There will be and are arguments about the “necessity” of the replacement of these buildings. This is a tacit admission of design failure that they were not built to be resilient and fit for purpose. If they truly must go, then their replacement must not be designed to fail as badly. Indeed, one of the key goals for the replacement buildings is that they must be “ever evolving” in line with the needs of the public. So I hope the city and the developers will be willing to publish their plans for how that will be the case and what steps they will take so as not to make the same mistakes that they think the previous designers made.

Their proposals claim that any renovations or conversions to the existing building would only result in “limited embodied carbon savings” but also that they are “exploring” (a term that perhaps reveals that they are only doing so as an afterthought rather than a fundamental design principle) plans to re-use or recycle materials from the buildings instead of just tipping everything into landfill. If that is the case, I want to see the carbon budget numbers. I want to see the percentage of embodied carbon and tonnage of materials that they think they can recover and re-use, how much they’ll be forced to recycle and how much they’ll resort to mere “offsetting” to make their numbers look less unbalanced (and how that offsetting will take place). And I want them to commit to a full audit of those numbers during and after the project so we can see how they performed compared to their estimates.

I also want to see the proposed lifespan and end-of-life plans for the new buildings. The replacements must surely be built not merely to the minimum legal standards currently in place but to the maximum feasible standards that we expect of the Green New Deal and the Circular Economy including on aspects such as energy efficiency and repairability and re-use built into the fabric of the design from the start. If they fall short of those standards, then I expect the City to publish their expected costs to retrofit the new buildings up to those standards when they become the minimum legal requirements along with their plan to pay for those retrofits (My preferred option being that the current developers place the required funds into an escrow account ahead of initial construction).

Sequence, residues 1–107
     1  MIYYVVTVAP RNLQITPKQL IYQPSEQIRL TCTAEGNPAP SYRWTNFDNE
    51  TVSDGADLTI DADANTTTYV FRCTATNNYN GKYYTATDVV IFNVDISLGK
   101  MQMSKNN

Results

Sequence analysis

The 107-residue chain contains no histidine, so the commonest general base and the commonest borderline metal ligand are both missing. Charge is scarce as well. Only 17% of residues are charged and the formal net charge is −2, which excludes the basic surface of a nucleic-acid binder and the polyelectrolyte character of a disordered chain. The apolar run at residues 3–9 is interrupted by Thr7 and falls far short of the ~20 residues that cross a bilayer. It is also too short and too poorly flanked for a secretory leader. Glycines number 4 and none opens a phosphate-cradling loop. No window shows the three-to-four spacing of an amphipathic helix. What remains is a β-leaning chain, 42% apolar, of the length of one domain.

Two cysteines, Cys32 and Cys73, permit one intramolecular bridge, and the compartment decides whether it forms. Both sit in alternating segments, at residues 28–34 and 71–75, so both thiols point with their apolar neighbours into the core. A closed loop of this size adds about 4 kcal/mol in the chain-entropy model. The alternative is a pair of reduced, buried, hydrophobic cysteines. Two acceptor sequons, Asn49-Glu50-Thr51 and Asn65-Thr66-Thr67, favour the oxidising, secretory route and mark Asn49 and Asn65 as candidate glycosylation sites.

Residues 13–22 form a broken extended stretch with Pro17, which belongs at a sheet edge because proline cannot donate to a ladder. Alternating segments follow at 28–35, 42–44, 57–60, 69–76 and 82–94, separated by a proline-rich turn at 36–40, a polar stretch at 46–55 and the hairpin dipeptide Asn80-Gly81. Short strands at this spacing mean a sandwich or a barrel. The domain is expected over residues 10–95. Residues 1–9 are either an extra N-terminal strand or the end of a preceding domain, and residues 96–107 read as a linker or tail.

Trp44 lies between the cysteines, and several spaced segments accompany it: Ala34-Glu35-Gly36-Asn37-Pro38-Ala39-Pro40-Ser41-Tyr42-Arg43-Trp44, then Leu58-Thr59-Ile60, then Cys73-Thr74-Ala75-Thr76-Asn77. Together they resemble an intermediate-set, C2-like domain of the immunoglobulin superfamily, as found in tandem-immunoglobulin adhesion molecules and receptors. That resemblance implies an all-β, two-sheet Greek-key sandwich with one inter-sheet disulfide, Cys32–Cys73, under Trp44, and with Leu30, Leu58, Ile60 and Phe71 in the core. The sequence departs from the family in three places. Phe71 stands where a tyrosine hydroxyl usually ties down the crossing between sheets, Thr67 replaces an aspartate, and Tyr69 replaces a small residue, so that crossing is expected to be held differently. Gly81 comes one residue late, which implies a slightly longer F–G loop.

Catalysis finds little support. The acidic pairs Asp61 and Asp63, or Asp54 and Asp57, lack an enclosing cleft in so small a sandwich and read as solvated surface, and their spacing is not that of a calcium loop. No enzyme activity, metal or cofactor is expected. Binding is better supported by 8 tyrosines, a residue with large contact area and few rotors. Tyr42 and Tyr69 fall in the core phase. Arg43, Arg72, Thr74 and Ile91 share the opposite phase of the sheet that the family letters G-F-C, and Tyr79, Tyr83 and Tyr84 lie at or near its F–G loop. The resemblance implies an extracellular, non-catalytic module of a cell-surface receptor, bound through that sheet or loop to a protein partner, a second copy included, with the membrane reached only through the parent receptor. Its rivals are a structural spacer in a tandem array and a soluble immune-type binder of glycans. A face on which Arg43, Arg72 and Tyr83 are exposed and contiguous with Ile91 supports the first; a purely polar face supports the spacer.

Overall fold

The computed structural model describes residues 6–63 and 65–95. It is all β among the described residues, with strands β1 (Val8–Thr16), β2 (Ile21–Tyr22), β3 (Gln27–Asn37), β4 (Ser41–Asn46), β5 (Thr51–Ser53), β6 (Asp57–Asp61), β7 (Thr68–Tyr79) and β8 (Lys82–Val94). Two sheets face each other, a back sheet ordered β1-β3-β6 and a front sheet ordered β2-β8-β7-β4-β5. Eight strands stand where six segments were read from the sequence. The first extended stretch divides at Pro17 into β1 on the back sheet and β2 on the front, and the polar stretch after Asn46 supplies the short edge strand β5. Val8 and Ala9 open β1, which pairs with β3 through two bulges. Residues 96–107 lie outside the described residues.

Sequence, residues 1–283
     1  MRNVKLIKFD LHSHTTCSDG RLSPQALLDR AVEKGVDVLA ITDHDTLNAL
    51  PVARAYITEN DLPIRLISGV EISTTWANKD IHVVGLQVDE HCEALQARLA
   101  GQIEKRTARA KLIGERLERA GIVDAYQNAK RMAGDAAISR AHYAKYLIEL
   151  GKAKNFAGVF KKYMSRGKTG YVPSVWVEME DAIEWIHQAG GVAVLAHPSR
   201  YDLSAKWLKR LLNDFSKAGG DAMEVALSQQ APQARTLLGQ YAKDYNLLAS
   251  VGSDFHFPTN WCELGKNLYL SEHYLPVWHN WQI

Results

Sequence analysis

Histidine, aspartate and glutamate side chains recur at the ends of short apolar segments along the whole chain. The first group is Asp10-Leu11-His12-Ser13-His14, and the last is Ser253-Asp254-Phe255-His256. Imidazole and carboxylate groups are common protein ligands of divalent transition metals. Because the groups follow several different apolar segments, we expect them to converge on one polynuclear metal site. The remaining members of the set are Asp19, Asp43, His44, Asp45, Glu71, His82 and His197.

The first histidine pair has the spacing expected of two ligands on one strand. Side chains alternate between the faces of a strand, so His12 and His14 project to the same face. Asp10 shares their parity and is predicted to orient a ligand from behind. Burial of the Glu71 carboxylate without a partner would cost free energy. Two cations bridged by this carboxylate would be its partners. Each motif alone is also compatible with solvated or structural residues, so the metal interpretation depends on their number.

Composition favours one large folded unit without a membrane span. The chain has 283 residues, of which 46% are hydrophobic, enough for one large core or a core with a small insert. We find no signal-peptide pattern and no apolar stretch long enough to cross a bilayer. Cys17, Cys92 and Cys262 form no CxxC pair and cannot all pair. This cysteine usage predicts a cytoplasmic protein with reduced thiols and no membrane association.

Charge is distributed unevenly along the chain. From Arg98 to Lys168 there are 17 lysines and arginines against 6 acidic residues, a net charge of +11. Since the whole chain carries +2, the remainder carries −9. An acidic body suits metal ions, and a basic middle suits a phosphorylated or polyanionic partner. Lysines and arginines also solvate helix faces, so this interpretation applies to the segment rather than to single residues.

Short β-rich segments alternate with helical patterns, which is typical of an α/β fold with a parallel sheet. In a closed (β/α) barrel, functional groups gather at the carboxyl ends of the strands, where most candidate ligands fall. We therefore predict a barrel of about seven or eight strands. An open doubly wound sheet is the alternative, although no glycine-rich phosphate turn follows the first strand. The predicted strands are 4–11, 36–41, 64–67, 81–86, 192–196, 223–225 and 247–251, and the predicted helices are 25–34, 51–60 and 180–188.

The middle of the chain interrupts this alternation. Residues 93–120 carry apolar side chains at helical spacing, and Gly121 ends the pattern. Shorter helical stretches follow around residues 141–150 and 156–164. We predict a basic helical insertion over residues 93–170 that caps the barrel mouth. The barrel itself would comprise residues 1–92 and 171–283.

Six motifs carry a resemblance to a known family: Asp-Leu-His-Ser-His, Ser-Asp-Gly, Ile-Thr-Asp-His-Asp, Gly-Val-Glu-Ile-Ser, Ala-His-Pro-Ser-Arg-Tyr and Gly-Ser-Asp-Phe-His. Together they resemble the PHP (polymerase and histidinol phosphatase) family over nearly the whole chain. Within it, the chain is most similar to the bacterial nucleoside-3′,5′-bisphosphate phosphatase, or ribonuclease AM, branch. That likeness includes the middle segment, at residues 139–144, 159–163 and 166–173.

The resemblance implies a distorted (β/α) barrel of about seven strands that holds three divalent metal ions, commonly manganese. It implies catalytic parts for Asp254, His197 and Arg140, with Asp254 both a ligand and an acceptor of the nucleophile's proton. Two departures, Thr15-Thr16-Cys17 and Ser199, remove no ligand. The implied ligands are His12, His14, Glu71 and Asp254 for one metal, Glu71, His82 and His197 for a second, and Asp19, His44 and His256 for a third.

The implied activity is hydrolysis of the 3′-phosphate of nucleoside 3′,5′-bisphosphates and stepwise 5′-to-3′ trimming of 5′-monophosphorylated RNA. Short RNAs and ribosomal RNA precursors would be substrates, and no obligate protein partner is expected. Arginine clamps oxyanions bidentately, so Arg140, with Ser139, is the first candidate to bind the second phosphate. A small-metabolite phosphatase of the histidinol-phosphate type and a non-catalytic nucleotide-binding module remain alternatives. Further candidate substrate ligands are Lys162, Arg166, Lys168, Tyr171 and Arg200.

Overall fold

As Malcolm said on the podcast, Glasgow seems to have an obsession with demolishing itself every few decades in the name of “progress”. This “fast fashion” approach to construction was never appropriate before the climate emergency but is even less so now. If the city does not want to betray its own ambitions, betray its legacy as a climate conference host city, or betray everyone from its residents to the planet itself then it should consider every one of its actions in light of the climate emergency – and that includes how it approaches a building it hailed less than a lifetime ago as the face of a “European grand street – internationally famous”.

In summary, I would like people in Glasgow to ask the Council the following questions regarding these proposals:
1) Will the capacity for spontaneous, non-commercial public space such as that currently served by the Concert Hall stairs be increased?
2) Will the Council and/or developers publish a detailed material re-use and carbon budget as detailed above?
3) Will the replacement buildings be designed from the start to last centuries rather than mere decades?
4) Will the replacement buildings be designed from the start to be compatible with the Green New Deal and the Circular Economy?
5) Will the developers commit, now, to retrofitting, at their expense, any shortfall in expectations or standards as the city’s climate strategy becomes more pressing?

If the answer to any of the questions is “No”, then I’m afraid the city must take these plans right back to the drawing board and start again.

Photo © Thomas Nugent (cc-by-sa/2.0)